Risk Factory: The State of Electronic Eavesdropping

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An overview of the look at the current state of electronic eavesdropping.

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  • © 2005 Orthus Ltd
  • © 2005 Orthus Ltd
  • © 2005 Orthus Ltd
  • © 2005 Orthus Ltd
  • Risk Factory: The State of Electronic Eavesdropping

    1. 1. Just Between UsThe Current State of Electronic Eavesdropping Technology
    2. 2. Questions• How many "bugs" are planted per year?• What percentage is business related?• What are the most common types of attacks?• What percentage of electronic sweeps are productive?• What amount of losses are attributed to electronic attacks?
    3. 3. Answers• No accurate statistics• No most common methods• No typical attacks• No typical clients• Successful attacks go unreported• Majority of unsuccessful attacks go unreported
    4. 4. Sales Statistics• Over $900 million of illegal eavesdropping equipment is imported into the US each year.• Over $500 million worth of legal eavesdropping equipment is purchased each year.• Most targeted data: Confidential Information Trade Secrets Research and Development Divorce Domestic Issues Law Offices Labour Unions Labor Negotiations Financial Information Contract Bids Litigation Due Diligence Computer Codes Mergers and Takeovers Marketing Plans VIP Security Travel Plans Travel Routes and Targets
    5. 5. Safe Bet• Most used of industrial espionage techniques.• Low risk• High reward
    6. 6. Low Risk• Why? – Electronic eavesdropping is easily committed – Chances are low that victim will find the device – Chances low, if found, can be tied to eavesdropper – Prosecution of eavesdropping cases is rare = Reward far outweighs the risk
    7. 7. Ease of Concealment
    8. 8. Hard to Detect
    9. 9. Latest Version • Any thing • Any place
    10. 10. Tactics & Equipment• “Wiretapping” - is the interception of communication over a wire w/o participants consent and requires physical entry into the communication circuit• “Bugging” - interception of communication w/o participants consent by means of electronic devices and w/o penetration of a wire.
    11. 11. Wired Microphones• Carbon microphone: commonly used in a standard telephone handset.• Crystal microphone: generates a small electrical current when the crystal is vibrated by sound waves.• Contact (spike) microphone: installed on a common wall with the target area.• Dynamic microphone: movement of a small wire near a permanent magnet converts sound into electrical energy. Operates as a loudspeaker in reverse.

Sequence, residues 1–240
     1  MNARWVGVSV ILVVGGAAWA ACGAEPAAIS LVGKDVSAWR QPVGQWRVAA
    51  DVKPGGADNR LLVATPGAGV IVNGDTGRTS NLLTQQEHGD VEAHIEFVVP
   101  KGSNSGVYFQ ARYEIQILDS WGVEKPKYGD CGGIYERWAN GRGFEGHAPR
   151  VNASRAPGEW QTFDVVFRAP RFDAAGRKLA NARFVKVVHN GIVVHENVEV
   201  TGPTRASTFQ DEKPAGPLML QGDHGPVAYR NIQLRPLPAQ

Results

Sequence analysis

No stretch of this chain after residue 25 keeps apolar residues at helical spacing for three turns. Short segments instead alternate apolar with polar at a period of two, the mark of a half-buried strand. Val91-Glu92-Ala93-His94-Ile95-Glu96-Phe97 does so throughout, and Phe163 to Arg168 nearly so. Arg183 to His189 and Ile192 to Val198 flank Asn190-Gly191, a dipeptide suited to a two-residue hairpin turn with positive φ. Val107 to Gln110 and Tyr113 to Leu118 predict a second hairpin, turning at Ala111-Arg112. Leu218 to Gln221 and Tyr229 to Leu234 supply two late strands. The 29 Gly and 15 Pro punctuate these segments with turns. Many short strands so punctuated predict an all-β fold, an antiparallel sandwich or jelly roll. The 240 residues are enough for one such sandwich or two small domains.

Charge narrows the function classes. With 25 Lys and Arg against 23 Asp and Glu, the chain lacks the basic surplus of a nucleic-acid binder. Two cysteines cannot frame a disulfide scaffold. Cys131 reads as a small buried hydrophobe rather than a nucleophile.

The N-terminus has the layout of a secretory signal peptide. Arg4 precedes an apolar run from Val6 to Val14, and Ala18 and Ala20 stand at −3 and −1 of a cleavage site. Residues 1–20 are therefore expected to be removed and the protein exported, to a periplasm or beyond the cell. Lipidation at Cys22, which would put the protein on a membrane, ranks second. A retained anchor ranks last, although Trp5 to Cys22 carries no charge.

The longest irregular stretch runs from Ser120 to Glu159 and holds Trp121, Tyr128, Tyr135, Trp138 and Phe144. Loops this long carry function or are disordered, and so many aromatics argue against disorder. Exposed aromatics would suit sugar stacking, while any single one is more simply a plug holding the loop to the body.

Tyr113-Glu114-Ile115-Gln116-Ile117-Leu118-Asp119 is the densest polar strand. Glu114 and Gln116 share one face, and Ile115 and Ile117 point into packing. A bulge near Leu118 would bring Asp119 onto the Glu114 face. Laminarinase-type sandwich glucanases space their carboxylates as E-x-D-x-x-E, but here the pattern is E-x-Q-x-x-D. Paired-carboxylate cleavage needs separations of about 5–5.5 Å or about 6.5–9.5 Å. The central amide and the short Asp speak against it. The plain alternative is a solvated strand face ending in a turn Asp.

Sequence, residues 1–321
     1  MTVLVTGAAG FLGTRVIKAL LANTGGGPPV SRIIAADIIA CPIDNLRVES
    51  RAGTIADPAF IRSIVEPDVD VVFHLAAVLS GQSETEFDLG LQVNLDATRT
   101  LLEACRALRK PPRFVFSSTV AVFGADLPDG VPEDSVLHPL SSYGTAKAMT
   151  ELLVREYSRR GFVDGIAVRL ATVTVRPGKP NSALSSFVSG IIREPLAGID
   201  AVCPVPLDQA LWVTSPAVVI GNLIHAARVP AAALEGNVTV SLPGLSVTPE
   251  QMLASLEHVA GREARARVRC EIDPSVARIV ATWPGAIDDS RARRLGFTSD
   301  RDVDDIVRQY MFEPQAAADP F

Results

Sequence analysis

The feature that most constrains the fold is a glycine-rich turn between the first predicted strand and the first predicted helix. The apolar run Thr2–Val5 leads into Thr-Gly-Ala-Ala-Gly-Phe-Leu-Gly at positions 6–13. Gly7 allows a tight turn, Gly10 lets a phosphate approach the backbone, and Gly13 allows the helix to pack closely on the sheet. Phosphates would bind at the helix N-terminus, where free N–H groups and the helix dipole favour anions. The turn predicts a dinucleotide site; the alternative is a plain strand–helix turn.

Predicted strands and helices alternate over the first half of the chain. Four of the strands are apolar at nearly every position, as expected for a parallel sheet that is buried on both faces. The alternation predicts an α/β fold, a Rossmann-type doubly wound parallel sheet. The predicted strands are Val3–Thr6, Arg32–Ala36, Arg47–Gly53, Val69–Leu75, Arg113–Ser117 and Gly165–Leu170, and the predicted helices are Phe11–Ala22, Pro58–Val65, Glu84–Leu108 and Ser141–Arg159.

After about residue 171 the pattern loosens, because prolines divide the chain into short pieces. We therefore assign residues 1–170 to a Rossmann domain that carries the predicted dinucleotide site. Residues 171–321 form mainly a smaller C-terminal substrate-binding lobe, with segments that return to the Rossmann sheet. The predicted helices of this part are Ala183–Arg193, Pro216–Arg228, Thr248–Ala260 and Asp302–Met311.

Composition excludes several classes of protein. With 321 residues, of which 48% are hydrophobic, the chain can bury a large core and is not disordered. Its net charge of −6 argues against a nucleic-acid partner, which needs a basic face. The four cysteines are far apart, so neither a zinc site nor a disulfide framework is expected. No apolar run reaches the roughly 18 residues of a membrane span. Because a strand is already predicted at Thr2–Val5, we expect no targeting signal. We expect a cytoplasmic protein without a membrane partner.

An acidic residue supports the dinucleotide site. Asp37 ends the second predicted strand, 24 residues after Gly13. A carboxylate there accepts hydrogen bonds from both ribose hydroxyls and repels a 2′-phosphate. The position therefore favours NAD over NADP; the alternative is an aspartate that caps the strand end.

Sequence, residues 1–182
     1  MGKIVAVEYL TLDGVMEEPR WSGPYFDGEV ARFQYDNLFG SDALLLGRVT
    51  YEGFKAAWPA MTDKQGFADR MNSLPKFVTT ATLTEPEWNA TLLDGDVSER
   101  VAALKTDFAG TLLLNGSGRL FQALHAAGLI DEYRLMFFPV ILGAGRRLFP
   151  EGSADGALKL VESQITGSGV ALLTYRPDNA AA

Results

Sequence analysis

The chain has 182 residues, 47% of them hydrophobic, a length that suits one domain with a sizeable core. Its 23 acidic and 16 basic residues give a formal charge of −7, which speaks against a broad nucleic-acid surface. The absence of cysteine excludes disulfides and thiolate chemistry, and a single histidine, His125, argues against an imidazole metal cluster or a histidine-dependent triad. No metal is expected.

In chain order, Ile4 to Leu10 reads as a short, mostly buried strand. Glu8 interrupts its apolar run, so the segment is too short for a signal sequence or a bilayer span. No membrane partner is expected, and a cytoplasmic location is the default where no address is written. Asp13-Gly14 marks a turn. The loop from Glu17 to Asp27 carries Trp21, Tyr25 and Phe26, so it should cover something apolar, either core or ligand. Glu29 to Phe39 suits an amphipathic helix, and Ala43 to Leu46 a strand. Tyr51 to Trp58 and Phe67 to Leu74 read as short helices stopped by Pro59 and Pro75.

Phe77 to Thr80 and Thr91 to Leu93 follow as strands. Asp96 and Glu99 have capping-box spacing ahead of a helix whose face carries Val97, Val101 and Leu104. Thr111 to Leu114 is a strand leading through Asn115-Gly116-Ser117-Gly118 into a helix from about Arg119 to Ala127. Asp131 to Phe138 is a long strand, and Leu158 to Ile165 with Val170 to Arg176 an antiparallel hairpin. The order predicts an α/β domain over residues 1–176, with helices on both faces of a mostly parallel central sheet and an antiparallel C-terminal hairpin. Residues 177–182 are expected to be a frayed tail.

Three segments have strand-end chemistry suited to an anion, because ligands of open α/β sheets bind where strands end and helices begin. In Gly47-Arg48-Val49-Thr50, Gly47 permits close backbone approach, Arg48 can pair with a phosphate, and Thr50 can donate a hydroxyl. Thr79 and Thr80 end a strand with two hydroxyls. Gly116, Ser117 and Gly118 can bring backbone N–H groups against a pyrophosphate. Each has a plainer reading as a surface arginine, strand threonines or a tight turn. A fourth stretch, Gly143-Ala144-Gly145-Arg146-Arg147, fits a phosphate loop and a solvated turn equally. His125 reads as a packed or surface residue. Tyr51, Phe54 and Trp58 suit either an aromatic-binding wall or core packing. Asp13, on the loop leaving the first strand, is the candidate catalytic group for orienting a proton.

12. 12. Wired Microphones• Pneumatic cavity device: has a specially designed small cavity which picks up surface vibrations. (Glass tumbler effect).• Condenser microphone: high fidelity use. Fragile and sensitive.• Electret microphone: used primarily in P.A. and audio recording (extremely small).
    13. 13. Wired Microphones• Omnidirectional microphone: used in conferences. Picks up sound from many directions around the room.• Cardioid microphone: picks up sound from directly in front of microphone.• Parabolic microphone: gathers audio energy and directs it to a conventional microphone in the center of a dish- type reflector.
    14. 14. Wireless Microphones• A radio frequency (RF) device consists of: – A microphone – A transmitter – A power supply – An antenna; and, – A receiver
    15. 15. Telephone Eavesdropping• Digital systems - originally thought to be secure. Digit stream can be recorded and converted to analog and speech.• Conference call ghost• Handset relay• VoIP server hacking• PABX hacking• Mobile phone interception.• Smart phone hacking
    16. 16. Light TransformationInfrared light wave transmissionsuse light waves invisible to thehuman eye. Sound waves areconverted to electronic impulses andthe pulses are used to modulateinfrared light waves. Think TVremote.
    17. 17. Light Transformation Laser transmission of sound does not require any equipment in the surveillance area. A laser beam focused on a window pane or a reflective object in the room. The vibrating glass modulates a reflected laser beam.
    18. 18. Light TransformationFiber optic lasertransmission uses a gradeglass fiber, filled with laserlight, routed through thesurveillance area. Soundwaves cause the fiber tovibrate slightly, altering thelaser light.
    19. 19. Flooding• RF• Microwave• ElectromagneticNeeds resonating cavity
    20. 20. Tools of Choice• Governments – Wiretapping (individual) – RF flooding (locations)• Private Sector – Devices (individuals & locations)
    21. 21. Targets of Choice
    22. 22. 26 Options…
    23. 23. Also Delivered Through .exe .exe .exe .exe
    24. 24. Should I Care?Depends…Information security = information securityVerbal data = data
    25. 25. Also Maybe the most sensitive information is the information we don’t document.
    26. 26. What Can I Do?• First rule: Common sense• Ensure portable device audio threat effectively communicated• Identify key individuals (high value targets)• Identify key target areas (board & conference rooms)• Include in physical security screening• Prohibiting phones in sensitive areas• Policies addressing discussion of sensitive information?• Include in security awareness messaging• Conduct technical Security Countermeasures (TSCM) sweep
    27. 27. Just Between UsThe Current State of Electronic Eavesdropping Technology

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